A pediatric surgeon trained in complex skills cannot practice it without sophisticated equipments such as ventilators, cystoscopes and endoscopes. Such modern gadgets are not available in villages, yet children of these hamlets require the services of a pediatric surgeon. Fraternity of this specialty is frequently advised not to concentrate in big cities and is encouraged to serve the rural India.  If pediatric surgeons make up their mind to work in countryside, their training in advanced surgical techniques is going to be wasted. It is not only illogical but also a great economic loss to train someone in high-level skills and then to relegate them with only ordinary tasks.
Duration of training in the existing systems is inadequate to impart highly specialized skills such as microvascular surgery and pediatric organ transplantation. If the training period is prolonged to compensate this, it may turn away many good candidates. Already engineering and computer science have started attracting young graduates by lucrative salary and good work environment. Unacceptably long training periods, inadequate debt compensation mechanisms and only a modest career financial reward are the causes of reluctance of medical students to pursue a surgical career. Keeping the training period to the shortest minimum is essential to attract the best and brightest students to pediatric surgery.
Surgical care of children is frequently claimed to be at best in the hands of a trained pediatric surgeon. It is well established that childhood surgical deaths are more when surgeons mix-up pediatric and adult practice. Surprisingly, a sizable proportion of childhood surgeries in otolaryngology, orthopedics, cardiac surgery, plastic surgery and neurosurgery are relegated to the respective 'adult-tissue-specialists' [Table - 1]. It is irrational for pediatric surgeons to care for certain selected surgical conditions in children while leaving others high and dry. If PST programs have to include these "lost sheep", it is inevitable to prolong the training period.
A specialist surgeon is defined as a person who performs more than 24 operations of a particular kind in a year. We wonder if there are any Indian pediatric surgeons, other than those in apex institutions, who perform more than 24 Kasai's procedures or cloacal exstrophy repairs in a year. It is partly because of unstructured referral pattern and partly because of surgeon's preoccupation with multifarious diseases in many anatomical areas. If more pediatric surgeons are produced to reach the unreachable rural areas, this situation will further deteriorate. More number of equally trained pediatric surgeons will then compete for their share and ultimately none will achieve adequate expertise in complex operations. Upadhyaya's suggestion to pool up these complex problems at one center to maximize the patient benefit and learning experience is impractical. Transferring a sick child to a regional referral center is either unrealistic due to financial constraints or hazardous due to poor transport system.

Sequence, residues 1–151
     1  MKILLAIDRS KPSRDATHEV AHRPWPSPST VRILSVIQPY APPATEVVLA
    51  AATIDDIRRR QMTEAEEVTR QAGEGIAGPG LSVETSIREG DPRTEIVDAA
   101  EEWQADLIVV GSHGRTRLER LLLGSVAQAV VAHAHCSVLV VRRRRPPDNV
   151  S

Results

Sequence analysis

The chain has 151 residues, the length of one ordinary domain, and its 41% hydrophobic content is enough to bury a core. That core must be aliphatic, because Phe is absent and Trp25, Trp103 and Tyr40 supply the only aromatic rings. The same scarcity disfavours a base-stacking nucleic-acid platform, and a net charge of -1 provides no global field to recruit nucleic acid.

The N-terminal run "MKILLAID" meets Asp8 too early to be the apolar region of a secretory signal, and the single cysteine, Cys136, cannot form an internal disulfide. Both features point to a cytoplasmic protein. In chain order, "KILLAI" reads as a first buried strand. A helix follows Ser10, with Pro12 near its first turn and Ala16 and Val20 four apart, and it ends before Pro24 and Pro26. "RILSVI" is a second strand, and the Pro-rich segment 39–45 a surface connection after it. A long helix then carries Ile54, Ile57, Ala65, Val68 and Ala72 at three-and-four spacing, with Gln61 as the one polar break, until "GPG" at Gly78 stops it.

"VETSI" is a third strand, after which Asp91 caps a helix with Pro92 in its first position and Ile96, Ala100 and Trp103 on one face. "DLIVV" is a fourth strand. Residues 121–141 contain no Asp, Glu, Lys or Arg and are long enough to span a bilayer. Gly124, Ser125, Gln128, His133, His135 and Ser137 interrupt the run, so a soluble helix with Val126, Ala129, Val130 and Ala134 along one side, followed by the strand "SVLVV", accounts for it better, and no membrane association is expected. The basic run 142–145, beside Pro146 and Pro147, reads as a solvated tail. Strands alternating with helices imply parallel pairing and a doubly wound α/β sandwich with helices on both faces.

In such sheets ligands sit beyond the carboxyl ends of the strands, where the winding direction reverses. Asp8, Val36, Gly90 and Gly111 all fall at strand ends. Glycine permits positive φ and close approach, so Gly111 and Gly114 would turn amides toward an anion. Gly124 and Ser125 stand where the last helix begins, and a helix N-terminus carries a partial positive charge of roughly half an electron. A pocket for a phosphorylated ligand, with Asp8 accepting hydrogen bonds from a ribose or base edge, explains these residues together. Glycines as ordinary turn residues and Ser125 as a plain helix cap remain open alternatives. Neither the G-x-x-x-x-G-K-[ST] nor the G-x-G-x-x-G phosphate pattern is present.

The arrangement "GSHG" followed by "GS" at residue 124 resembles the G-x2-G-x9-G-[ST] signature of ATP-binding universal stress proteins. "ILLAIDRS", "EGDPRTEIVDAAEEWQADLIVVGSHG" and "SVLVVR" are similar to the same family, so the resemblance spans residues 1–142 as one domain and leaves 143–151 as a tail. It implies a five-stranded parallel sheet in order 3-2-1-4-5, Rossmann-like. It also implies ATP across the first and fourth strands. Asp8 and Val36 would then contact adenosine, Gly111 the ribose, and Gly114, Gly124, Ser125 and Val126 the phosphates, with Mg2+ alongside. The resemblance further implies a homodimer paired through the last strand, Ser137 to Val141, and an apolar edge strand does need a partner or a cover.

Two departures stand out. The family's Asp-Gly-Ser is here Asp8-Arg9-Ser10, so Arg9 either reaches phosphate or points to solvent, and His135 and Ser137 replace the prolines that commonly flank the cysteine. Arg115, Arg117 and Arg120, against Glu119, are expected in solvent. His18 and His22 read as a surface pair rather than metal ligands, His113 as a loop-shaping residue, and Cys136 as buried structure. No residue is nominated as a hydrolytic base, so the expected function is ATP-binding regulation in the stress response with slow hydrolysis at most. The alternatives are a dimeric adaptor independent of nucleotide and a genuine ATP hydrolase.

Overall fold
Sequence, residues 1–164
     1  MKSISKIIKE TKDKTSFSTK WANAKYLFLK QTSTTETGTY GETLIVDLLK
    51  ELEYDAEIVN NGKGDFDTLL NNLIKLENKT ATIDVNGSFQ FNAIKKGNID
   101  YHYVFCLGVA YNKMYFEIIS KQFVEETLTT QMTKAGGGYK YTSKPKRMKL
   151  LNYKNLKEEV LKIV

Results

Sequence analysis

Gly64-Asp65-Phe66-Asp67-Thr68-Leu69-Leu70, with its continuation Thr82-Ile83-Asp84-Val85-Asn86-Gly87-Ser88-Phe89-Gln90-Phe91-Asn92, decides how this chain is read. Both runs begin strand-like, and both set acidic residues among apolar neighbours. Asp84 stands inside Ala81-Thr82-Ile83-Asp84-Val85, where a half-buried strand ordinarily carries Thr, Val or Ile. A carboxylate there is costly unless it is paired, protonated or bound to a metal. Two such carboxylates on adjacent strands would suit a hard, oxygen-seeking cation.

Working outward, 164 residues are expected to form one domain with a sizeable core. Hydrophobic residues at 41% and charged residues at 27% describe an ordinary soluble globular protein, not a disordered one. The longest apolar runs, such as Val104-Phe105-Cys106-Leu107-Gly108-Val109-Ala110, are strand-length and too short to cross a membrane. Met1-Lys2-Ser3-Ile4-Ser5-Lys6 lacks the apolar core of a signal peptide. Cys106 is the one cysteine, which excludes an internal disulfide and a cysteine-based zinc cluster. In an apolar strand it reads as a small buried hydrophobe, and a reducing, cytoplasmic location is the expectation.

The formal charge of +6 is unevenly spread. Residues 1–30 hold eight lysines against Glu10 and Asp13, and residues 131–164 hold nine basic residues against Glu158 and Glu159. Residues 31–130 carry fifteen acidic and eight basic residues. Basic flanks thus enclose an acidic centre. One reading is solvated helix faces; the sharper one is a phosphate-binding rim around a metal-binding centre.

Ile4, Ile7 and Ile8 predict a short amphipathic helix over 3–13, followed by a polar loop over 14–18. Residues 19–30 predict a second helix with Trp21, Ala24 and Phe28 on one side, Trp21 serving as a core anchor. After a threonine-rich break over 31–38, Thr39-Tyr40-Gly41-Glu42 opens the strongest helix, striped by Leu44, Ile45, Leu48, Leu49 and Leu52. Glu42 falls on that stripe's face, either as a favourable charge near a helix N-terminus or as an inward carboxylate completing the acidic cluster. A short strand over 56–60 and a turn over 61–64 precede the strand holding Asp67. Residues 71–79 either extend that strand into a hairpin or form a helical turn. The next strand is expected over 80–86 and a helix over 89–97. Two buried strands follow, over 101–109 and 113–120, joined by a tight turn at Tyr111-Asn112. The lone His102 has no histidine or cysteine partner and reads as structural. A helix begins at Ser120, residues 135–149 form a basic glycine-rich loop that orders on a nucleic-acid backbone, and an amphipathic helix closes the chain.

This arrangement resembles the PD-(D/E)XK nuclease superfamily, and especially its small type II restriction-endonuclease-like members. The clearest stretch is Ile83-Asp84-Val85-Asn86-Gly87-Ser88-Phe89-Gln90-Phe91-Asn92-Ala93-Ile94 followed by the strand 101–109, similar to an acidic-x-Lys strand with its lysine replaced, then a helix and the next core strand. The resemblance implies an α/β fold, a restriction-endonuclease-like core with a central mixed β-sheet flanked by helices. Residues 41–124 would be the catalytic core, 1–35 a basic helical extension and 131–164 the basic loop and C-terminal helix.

| The new scheme|| |
From the forgoing discussions it is obvious that the problem is too complicated to find a universally satisfactory solution. Medical specialties divulged on the basis of skill requirements. However, "pediatric surgery" is used as a "generic" name that includes varying levels of expertise [Table - 2]. Pediatric surgeon who is going to practice in a small town or village need not be trained in complexities. These conflicts can be compromised if PST is stratified according to the levels of proficiency [Table - 2].
Such a stratified pediatric surgical practice already exists in the Dutch system. In Netherlands there are two categories of pediatric surgeons:the general pediatric surgeons perform simple operations while the special pediatric surgeons perform complex operations. As early as 1986 Braasch advocated the need to separate the training programs of community and academic surgeons. Ziegler introduced the concept of "early specialization", "academic surgery" and "surgeon scientist" with a training period of 6 years, 7-9 years and 10-11 years respectively. Applying these concepts and philosophies to Indian setup, we propose a new two tire syste of PST [Figure - 2].
Level 1 training
Fresh medical graduates should first be trained in lower level skills for 3 years and a separate degree of M.S basic pediatric surgery (BPS) is to be awarded. General principles of surgery and pediatric care along with undemanding operations in various organ systems must be taught to these candidates. During this 3-year-period a student's dexterity to operate upon small babies can be adequately assessed. Candidates found to have no aptitude for higher training may be encouraged to practice as basic pediatric surgeons. As they are going to practice only lower level skills, sophisticated equipments are not necessary and they will be able to do justice even in remote villages.